To avoid the financial strangulation of the private sector, the Chinese authorities have been obliged to approve a series of stimuli to increase credit. The central bank has ordered an increase in loans to private companies. In this sense, the major commercial banks will be obliged to dedicate a third of total credit to the private sector during 2019. A special reduced interest rate for SMEs is also expected. With all of this, forecasts suggest an increase in investment in fixed assets, from the private sector, of around 10%. Public investment, on the other hand, is expected to experience a much more modest increase, of 1% or 2%, in 2019. It is a matter, we will see if successful, of channelling credit to the productive sectors to translate this monetary expansion into effective GDP growth.

Risks and Opportunities

With the objective of compensation for US tariffs, Chinese exchange rates will register an additional depreciation of 4%. But, despite this covert devaluation, the negative contribution of Chinese exports to GDP will be 0.5% in 2019. Some sectors, like the automotive sector, are beginning to show signs of exhaustion. Car sales in China fell 4% in 2018. This is the first fall in the last 20 years. In total, 28 million cars were sold, double that in the US. But the analysts consulted by this journal expect stagnation, or even new falls, in 2019 too. Electric vehicles have increased their market share in 2018, with a more than 60% increase in sales. Clean energy cars, at the moment, only account for 0.6% of Chinese vehicles. Although, in 2025, the Chinese authorities expect this percentage to rise to 20%. All this also offers opportunities to other value added industries, like gas. In transportation, both terrestrial and maritime, the Chinese aspire to replace oil completely with gas. Between 2010 and 2015, CO2 emissions reduced by almost five million tons. Cars driven by natural gas will pass from 1.5 to almost 5 million by 2030. In the major Chinese cities, according to official estimates, gas will account for 10% of total consumption before 2020.

In other industries like telecommunications or the automotive sector, China aspires to be a global leader. Two of the three most sold mobile phones in Spain at the moment are Chinese. Xiaomi, third in contention after the Chinese Huawei, increased its sales by 273% in 2018. And the electric car Qiantu K50, which seeks to compete with Tesla, is expected to arrive in the US after the year of the pig. This would be the first Chinese car brand to disembark in the US. In Latin America, to give another example, Chinese carmakers are expected to dominate the market by 2030. In Chile, sales of Chinese cars have amounted to 16% of the total, just in 2018. In countries like Ecuador, Peru, Panama, Costa Rica, Colombia or Argentina, among others, future expectation of Chinese domination is practically a certainty. Lastly, the plan “Made in China 2025” will continue to be developed on an economic model based on more technology, productivity and R&D. In 2025, the automation of the productive processes through big data, cloud business, blockchain and artificial intelligence should have reached 85% (compared to the current 58%). And it is also expected, among other objectives, to reach a ratio of 100 robots for every 10,000 manufacturing employees (compared to the current 35). At the same time, China will overtake the US as the world´s leading investor in R&D by 2020. And the contribution of the different scientific and technological advances to China´s GDP will reach 60% in 2025. Normally, therefore we would expect GDP growth below 6% in 2020, just after the year of the pig. Even if all this should create the basis for a prosperous next year of the pig, it will in 2031.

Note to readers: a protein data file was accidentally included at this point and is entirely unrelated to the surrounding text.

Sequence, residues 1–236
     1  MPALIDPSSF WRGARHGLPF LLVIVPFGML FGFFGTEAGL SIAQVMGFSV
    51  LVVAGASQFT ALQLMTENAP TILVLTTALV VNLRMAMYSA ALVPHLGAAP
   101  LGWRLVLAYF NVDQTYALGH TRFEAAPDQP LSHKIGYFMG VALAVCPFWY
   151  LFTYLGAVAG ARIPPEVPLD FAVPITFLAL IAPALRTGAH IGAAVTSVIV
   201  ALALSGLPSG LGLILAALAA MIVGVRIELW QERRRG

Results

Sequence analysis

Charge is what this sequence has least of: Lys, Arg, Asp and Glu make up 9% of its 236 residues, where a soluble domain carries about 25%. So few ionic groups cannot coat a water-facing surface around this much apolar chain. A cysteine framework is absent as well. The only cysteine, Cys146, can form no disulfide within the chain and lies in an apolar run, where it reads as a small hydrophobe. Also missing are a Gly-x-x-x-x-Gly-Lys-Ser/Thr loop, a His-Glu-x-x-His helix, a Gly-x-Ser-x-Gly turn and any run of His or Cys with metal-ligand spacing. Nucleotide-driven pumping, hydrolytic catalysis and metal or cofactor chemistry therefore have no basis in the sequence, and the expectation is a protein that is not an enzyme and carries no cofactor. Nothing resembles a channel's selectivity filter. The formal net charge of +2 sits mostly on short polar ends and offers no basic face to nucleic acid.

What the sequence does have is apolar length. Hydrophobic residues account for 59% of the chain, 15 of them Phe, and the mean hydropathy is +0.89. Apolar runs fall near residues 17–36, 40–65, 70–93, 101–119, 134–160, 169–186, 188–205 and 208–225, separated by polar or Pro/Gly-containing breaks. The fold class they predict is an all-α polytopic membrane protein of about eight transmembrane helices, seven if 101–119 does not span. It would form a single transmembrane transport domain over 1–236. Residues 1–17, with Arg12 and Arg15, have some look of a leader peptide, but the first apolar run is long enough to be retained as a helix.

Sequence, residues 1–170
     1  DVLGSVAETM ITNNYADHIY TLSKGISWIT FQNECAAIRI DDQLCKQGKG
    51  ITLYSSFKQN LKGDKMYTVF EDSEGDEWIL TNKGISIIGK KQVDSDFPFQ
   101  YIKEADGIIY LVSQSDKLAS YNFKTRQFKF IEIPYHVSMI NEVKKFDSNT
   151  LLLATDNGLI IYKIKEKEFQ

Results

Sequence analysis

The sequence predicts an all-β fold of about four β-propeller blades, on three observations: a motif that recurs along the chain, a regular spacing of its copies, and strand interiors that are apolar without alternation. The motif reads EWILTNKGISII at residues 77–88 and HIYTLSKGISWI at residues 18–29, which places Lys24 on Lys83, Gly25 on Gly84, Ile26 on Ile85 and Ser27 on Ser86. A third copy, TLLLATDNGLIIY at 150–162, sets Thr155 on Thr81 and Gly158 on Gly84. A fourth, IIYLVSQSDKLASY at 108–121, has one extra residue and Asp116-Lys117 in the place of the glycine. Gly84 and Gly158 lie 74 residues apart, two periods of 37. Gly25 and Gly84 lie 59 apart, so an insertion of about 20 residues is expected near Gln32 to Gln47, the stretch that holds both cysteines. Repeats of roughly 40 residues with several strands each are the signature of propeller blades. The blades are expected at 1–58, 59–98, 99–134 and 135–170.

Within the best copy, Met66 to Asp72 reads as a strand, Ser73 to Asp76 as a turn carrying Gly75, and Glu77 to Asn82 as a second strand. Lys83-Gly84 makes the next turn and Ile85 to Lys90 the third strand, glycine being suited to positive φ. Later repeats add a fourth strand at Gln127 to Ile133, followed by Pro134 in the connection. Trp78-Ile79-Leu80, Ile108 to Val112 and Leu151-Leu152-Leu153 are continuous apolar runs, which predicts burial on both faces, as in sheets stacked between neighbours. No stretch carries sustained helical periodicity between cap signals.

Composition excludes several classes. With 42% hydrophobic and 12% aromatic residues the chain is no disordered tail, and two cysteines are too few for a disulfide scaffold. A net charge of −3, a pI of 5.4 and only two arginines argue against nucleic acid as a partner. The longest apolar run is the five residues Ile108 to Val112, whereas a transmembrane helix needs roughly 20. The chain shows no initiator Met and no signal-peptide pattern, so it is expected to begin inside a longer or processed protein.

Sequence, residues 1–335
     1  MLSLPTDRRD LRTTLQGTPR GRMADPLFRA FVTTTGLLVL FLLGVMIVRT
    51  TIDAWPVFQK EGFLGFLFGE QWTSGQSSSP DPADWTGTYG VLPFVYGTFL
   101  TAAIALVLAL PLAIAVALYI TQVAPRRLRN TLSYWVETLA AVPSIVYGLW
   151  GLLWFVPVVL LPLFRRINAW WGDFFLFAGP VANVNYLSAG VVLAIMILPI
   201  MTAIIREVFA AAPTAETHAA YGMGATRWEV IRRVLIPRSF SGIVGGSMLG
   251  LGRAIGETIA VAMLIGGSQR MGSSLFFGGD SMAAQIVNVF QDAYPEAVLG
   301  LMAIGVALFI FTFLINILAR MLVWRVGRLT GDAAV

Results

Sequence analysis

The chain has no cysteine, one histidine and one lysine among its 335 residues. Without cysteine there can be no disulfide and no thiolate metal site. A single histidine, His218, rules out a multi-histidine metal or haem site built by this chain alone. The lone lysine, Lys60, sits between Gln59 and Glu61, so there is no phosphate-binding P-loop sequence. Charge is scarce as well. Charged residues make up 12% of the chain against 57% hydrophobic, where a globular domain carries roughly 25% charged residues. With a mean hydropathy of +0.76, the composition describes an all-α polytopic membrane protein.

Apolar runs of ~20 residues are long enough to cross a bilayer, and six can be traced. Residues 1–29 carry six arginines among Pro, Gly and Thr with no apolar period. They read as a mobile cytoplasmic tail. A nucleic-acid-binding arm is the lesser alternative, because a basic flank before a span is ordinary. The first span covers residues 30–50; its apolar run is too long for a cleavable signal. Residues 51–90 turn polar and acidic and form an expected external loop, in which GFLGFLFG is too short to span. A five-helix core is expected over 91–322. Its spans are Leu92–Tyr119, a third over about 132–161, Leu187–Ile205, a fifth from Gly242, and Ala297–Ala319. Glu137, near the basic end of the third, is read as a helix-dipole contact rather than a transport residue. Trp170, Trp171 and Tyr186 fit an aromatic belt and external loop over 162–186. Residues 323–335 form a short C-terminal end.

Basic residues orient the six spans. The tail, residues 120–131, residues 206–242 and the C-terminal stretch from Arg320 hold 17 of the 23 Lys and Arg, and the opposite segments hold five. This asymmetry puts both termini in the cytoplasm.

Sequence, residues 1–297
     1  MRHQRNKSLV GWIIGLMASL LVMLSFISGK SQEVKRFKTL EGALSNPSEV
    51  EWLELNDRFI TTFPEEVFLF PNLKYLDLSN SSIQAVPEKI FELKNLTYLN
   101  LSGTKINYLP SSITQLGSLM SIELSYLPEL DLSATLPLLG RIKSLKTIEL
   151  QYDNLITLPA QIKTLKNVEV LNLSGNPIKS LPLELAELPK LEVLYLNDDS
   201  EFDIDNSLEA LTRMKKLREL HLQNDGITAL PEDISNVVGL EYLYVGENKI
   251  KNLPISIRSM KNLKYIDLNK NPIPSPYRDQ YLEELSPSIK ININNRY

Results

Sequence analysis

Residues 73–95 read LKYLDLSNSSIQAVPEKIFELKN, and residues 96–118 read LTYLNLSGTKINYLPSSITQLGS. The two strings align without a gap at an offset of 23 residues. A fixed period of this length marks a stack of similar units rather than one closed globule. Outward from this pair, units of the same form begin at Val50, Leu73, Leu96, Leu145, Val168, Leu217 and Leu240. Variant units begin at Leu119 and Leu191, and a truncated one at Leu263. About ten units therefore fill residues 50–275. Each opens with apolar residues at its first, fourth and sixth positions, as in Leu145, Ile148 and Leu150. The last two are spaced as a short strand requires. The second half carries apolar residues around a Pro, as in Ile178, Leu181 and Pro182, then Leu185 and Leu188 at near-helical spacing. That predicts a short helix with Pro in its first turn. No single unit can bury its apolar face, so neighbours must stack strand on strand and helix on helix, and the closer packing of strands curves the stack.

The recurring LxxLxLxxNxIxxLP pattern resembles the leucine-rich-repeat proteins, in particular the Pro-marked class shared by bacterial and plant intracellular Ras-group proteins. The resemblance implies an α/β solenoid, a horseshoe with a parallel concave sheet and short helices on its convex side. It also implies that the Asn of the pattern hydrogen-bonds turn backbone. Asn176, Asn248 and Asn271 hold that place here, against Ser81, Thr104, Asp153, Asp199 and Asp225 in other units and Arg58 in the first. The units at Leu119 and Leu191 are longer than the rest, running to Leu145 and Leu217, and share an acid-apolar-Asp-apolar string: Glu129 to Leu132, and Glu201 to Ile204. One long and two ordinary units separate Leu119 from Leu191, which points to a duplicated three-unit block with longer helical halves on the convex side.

About the Author

Alberto Lebrón
Alberto Lebrón is a founding partner of the blog China Capital and director of the programme Direct from Asia on International Radio. He is also an investigative economist for the Peking City University and has been a financial correspondent in the Asia-Pacific region since 2009.